A bit closer to Heaven
I spent 1 year in Akita International University (2014-2015). This university is located in a small rural town of Akita, northern part of Japan.
The first fact that I would like to highlight is that it is a perfect place to study: a small town surrounded by thick forests and massive mountains, sometimes covered in a small layer of mist, something you would find in Stephen King`s novels. The campus itself is located not far from the town itself, serving as a kind of border between Akita and the wilderness, thus creating a calm feeling of isolation from the frantic rush of a life in a city. Of course, not everybody would appreciate this kind of isolation, but it does come in handy if the thoughts in your head are in complete disarray, and you need to organize your mind. But don`t think that you will be living God knows where. Just take a bus from the campus, and after about 10 minutes you will arrive in town itself. Not the center of it, but you will come across a landmark spot – a large shopping mall, where you can buy anything – from food to a huge plasma TV. You can also visit few cafes and restaurants to enjoy Japanese cuisine, among others. So, you can find anything you need not too far from the campus.
But let`s get back to study. After all, this is a student exchange program we are talking about. The amount of classes is much less than in Russia, especially for exchange students: basically, you will be free around 3 p.m. But as I said before, the atmosphere on campus just invokes an irresistible desire to study. Especially the gorgeous library right there at your feet. I`ve spent a lot of time there reading and doing some assignments, and I can safely say that you will not find a better place to do it. The classes are fewer than you are used to, but their program is narrow-focused, so in the end you will gain extensive knowledge of the subject you have chosen. Besides studying, the university provides a variety of different activities, such as sports, dancing, singing, martial arts a no forth. If you wish to relax, there is a bar nearby, but be sure you are at least 20 years old, or you might have some problems. One of the dormitory’s hall serves as a relaxing zones, where you can sit down with your friends, play videogames, watch TV, and so on. For «iron addicts» there is a free gym on campus.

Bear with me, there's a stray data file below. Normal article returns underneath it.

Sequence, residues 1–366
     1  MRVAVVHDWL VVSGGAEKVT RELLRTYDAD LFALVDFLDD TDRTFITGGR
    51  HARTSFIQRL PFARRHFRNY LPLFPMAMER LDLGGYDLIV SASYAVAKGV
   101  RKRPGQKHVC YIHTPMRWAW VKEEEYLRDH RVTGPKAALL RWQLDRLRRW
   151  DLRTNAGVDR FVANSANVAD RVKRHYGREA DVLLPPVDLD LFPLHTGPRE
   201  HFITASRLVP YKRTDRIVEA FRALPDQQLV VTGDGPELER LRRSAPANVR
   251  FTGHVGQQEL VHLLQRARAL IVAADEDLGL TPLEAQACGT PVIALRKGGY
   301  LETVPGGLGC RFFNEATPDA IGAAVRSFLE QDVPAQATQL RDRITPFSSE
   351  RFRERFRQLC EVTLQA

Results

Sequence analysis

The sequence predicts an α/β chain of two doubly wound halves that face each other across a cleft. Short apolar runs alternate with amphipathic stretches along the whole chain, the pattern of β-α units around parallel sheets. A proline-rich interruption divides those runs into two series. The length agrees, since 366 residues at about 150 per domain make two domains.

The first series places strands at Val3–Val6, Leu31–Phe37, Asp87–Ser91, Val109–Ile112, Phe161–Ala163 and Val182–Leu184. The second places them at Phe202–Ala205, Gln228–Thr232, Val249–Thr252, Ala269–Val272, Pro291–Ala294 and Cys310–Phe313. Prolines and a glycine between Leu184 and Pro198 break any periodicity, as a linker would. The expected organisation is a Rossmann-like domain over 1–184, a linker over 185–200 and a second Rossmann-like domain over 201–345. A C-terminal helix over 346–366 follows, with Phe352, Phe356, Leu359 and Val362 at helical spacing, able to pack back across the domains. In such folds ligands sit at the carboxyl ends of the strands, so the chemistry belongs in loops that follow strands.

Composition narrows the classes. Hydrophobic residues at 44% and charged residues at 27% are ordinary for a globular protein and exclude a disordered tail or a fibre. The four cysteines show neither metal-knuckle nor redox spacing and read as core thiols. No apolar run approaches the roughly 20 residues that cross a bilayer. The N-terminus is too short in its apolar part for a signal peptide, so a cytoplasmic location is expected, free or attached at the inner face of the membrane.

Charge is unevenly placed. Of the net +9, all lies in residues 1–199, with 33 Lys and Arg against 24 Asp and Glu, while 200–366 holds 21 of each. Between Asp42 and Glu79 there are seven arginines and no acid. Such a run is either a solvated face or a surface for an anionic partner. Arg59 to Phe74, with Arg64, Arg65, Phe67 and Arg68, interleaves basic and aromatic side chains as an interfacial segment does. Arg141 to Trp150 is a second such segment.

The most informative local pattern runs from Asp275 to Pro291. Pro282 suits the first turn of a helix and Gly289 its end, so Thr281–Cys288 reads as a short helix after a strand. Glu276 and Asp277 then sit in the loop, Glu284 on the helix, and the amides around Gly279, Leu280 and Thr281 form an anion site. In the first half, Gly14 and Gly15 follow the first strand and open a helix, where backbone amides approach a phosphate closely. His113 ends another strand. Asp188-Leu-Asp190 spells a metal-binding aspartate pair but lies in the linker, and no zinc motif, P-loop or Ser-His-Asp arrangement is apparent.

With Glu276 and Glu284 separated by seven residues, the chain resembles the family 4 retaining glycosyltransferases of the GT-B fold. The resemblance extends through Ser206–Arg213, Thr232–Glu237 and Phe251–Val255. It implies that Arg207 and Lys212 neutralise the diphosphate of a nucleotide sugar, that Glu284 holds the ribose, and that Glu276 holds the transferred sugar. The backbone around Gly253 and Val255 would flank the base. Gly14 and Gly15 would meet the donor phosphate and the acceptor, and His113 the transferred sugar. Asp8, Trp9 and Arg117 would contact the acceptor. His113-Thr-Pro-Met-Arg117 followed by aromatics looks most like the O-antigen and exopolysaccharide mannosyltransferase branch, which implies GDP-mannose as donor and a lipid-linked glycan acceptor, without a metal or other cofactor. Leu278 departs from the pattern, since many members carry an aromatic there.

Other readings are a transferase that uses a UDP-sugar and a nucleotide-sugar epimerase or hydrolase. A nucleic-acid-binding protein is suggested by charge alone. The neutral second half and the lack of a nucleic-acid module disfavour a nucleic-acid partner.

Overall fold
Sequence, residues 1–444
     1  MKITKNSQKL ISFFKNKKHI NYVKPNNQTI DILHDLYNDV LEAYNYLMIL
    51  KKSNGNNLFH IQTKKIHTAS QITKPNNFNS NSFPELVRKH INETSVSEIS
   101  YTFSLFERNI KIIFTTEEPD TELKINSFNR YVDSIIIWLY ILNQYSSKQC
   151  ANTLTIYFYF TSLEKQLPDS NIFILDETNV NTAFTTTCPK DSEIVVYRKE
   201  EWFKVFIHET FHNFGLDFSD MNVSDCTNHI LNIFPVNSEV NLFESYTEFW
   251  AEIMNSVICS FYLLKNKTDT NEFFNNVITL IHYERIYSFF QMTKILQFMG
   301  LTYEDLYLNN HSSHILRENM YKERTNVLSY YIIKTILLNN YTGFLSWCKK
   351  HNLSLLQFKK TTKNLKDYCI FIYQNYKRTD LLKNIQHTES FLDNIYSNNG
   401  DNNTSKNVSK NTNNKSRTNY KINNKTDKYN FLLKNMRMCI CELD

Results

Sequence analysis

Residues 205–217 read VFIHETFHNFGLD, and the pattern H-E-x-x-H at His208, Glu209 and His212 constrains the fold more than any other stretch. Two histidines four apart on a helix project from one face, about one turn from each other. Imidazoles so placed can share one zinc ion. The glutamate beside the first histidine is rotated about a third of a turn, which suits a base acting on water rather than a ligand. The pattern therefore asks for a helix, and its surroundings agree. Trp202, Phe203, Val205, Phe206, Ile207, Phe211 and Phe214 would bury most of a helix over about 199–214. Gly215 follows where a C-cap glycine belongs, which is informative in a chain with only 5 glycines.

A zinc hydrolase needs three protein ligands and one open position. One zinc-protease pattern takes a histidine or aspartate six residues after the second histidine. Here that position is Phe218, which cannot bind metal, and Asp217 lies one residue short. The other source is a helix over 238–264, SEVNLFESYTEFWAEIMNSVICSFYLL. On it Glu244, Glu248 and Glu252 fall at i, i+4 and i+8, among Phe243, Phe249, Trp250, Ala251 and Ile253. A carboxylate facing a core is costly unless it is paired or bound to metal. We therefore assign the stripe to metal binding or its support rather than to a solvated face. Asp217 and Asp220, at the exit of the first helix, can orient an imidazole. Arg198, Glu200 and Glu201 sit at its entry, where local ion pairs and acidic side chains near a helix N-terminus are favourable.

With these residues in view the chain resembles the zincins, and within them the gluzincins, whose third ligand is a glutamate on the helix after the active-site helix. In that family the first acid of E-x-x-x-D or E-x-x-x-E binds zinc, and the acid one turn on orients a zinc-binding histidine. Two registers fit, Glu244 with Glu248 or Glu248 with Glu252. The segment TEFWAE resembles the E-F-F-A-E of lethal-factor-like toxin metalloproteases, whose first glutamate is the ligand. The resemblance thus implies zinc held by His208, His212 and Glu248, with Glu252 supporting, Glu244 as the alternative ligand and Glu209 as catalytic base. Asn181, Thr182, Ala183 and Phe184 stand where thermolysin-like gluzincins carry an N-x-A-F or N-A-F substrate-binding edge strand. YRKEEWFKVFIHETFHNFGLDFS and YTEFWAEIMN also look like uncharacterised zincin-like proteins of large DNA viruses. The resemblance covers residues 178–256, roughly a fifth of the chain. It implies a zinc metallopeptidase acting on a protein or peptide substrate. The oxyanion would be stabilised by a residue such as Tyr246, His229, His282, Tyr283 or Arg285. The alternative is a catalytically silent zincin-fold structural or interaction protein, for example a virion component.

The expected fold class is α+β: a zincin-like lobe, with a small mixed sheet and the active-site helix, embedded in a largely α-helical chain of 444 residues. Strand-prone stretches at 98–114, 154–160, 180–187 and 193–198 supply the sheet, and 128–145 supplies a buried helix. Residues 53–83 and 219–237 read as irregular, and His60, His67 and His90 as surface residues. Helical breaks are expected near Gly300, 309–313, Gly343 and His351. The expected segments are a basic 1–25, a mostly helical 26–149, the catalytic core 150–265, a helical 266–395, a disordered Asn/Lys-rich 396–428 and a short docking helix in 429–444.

But I cannot overlook some negative moments. There are few of them. The first one is coldness. As you may know, the central heating system is not spread in Japan, therefore winter is very cold in dormitories. There are air conditioners, but the electricity is pretty expensive, and this machine chews through it like a hungry elephant. You may end up with a 300 dollar bill if you overuse the conditioner, especially in the most expensive dormitory, where there are three personal rooms and three freezing students. The second issue is the size of the rooms. While the Sakura dormitory is very close to our standards, others are very narrow, especially for people who are twice the size of an average Japanese.
Oh yeah, almost forgot: the are bears who like to wander around from time to time. There was even an educated one who was walking towards library one night. But no worries, they are harmless and will not attack you if you follow some safety tips.
Of course, you cannot come to japan and sit through a whole year in the middle of nowhere. You will have a month of holidays, either during spring or summer, depending on when your semester had started. Using that time to visit different cities of Japan is practically your obligation. Personally, I have been to Tokyo and Kyoto, and it was one of the best experiences of my life.
I am truly grateful to the Higher School of Economics for giving me a chance to meet Japan in person. The relationship may have gotten of the wrong foot due to cultural shock, but in the end we became good friends. So if you have an opportunity to go there – take it! You will enjoy your timeJ
Fedor Kisliakov, 4-year student, Higher School of Economics